Active surveillance appears to be a safe option for carefully selected patients diagnosed with prostate cancer. However, changes in biopsy scheduling and technique may be needed to detect high-grade cases.
Berlin-Active surveillance appears to be a safe option for carefully selected patients diagnosed with prostate cancer. However, changes in biopsy scheduling and technique may be needed to detect high-grade cases.
University of Miami researchers reported that more than one-fourth of patients diagnosed with prostate cancer who chose active surveillance experienced tumor progression. Progression was largely unrelated to family history of prostate cancer, PSA at diagnosis, or a negative biopsy before diagnosis, said the authors, whose findings were reported at the 2011 Société Internationale d'Urologie congress in Berlin and subsequently published in the Journal of Urology (March 14, 2012).
"The rate of progression was relatively stable over the first three sessions of surveillance biopsies," said senior author Viacheslav Iremashvili, MD, PhD, senior research associate at the University of Miami Miller School of Medicine. "We noticed a significantly increased risk of biopsy progression in African-American patients (p<.001) and also in small prostates (p<.001) with correspondingly high PSA densities (p<.001). Patients who had two positive cores in diagnostic biopsy also had an increased risk of progression (p<.001).
The active surveillance program included 272 patients with a mean age of 62 years. Of the patients, 249 had at least one surveillance biopsy, the median PSA was 5.1 ng/mL, mean number of surveillance biopsies was 2.3, and median follow-up was 2.9 years.
"It should be noted that our criteria for active surveillance are somewhat more conservative than at other institutes. We included patients with clinical stage T1-T2a, Gleason score 4/5, and no more than two positive biopsy cores with less than 20% tumor in any core," Dr. Iremashvili said.
The follow-up consisted of PSA testing and digital rectal examination every 3 to 4 months. The first surveillance biopsy was done at approximately 1 year following diagnosis, and then every 1 to 2 years. Progression was defined as changes in the Gleason score or tumor volume beyond the accepted limits.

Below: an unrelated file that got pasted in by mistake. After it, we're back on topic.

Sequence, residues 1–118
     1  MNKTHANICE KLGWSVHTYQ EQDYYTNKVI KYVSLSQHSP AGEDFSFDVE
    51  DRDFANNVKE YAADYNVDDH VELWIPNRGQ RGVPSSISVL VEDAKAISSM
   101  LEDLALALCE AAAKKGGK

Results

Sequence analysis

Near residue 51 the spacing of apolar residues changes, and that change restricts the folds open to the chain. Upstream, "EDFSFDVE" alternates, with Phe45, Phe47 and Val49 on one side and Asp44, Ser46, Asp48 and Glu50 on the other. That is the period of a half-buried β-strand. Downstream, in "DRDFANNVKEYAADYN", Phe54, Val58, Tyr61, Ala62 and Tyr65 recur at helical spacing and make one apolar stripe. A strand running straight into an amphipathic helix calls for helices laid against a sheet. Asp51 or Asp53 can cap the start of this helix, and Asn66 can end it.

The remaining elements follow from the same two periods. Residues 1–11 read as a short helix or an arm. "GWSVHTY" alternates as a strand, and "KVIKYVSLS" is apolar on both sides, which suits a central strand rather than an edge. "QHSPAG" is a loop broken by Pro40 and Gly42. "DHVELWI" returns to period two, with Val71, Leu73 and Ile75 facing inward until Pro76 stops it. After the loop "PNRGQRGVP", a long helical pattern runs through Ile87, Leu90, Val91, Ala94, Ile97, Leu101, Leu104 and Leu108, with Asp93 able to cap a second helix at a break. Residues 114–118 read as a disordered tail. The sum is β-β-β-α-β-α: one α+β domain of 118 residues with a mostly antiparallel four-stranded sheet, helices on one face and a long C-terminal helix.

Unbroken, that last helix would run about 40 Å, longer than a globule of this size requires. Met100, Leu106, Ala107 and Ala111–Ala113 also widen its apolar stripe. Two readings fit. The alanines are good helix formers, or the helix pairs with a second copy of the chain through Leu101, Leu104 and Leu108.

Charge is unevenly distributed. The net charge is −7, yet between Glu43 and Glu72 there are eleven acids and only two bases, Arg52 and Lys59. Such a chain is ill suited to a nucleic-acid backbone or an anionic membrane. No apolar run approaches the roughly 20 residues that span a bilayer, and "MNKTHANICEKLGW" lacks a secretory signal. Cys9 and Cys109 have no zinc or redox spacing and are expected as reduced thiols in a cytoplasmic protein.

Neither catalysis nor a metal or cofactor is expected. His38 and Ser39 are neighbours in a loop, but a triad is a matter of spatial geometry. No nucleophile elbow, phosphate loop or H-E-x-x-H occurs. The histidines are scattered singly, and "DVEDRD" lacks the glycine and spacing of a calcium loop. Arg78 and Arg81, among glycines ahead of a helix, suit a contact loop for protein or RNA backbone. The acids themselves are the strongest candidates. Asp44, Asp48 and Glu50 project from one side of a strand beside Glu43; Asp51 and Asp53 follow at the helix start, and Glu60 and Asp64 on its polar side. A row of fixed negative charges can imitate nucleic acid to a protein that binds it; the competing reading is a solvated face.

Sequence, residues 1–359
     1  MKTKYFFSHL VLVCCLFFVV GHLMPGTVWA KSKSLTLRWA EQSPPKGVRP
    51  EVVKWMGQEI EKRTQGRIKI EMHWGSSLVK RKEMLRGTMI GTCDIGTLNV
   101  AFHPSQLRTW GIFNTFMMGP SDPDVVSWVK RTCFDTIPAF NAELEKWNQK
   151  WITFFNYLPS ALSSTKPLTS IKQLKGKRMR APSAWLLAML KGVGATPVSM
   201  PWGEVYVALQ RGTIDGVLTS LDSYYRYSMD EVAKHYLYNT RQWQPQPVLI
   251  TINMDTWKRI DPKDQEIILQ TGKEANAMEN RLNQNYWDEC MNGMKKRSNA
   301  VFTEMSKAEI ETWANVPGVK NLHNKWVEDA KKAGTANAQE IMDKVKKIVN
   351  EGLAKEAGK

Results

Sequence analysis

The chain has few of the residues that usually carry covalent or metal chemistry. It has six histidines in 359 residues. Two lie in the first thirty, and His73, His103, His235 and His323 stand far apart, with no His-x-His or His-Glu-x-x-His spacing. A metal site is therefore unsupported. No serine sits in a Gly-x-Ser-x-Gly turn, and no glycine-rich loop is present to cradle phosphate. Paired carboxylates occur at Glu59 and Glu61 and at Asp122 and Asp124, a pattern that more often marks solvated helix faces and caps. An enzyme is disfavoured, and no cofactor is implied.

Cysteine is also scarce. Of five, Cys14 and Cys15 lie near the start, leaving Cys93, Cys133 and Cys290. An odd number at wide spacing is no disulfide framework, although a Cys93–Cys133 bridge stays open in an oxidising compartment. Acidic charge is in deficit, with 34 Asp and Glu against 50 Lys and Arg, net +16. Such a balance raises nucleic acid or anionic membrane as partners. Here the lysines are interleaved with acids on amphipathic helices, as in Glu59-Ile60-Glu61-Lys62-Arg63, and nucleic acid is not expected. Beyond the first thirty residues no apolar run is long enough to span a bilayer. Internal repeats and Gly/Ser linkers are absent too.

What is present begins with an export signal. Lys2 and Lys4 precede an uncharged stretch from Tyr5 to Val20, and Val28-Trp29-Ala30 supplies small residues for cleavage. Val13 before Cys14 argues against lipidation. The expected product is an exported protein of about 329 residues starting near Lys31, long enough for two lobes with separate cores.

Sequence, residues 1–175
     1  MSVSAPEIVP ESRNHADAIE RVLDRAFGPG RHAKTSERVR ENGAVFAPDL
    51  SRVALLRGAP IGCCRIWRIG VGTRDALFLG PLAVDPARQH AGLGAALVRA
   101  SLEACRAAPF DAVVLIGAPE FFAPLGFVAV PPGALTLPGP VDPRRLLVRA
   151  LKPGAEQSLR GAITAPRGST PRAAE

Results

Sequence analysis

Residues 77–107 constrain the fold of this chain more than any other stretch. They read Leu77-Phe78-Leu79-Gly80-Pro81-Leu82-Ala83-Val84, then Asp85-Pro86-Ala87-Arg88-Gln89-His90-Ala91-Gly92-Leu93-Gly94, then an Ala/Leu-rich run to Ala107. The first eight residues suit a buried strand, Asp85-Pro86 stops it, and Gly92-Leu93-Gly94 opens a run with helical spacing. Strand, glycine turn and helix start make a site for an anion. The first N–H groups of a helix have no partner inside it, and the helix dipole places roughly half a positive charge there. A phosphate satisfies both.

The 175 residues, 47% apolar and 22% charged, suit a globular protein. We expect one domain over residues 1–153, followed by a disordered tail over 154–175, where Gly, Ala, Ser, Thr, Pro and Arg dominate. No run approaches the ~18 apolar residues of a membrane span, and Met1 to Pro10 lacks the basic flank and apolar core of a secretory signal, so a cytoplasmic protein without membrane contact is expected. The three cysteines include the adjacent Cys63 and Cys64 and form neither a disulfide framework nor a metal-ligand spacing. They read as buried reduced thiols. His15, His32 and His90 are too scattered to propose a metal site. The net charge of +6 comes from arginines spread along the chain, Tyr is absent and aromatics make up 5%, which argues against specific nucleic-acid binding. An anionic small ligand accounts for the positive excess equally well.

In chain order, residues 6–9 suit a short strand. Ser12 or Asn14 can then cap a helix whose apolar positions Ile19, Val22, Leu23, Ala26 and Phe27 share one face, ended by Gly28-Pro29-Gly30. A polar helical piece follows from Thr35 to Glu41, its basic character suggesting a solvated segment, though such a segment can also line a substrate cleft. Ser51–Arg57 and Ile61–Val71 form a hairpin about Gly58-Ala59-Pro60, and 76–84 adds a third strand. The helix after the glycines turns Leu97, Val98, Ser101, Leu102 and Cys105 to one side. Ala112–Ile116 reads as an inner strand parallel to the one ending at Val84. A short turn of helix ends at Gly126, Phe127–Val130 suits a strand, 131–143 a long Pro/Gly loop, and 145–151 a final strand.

Within 3 years of active surveillance mean duration follow-up, tumor progression was seen in 64 patients (26%), of which five (23%) had Gleason 4/5 cancer only, 21 (33%) had increase in tumor volume only, and 28 (44%) had both types of changes. Eight patients (3%) elected treatment in the absence of biopsy progression.
More progression in African-American men
More than half of the African-American patients progressed compared to less than 25% of Caucasians after 3 years of active surveillance.
"Although the cut-point value of PSA density [PSAD] of 0.15 divided patients into subgroups of somewhat higher and somewhat lower risk, the difference between these groups (with PSAD of <0.15 and ≥0.15) did not seem to be dramatic. Thus, the risk of biopsy progression, although strongly associated with PSAD, does not seem to rise substantially in patients with values of >0.15, and the association between the risk of progression and PSAD is linear," Dr. Iremashvili said.
Patients with tumor progression elected to undergo prostatectomy (n=32, 53%) and radiotherapy (n=27, 44%). Three patients elected to continue active surveillance despite biopsy progression.
"The possibility of sacrificing the 'window of curability' is the most important challenge limiting widespread acceptance of active surveillance," Dr. Iremashvili pointed out.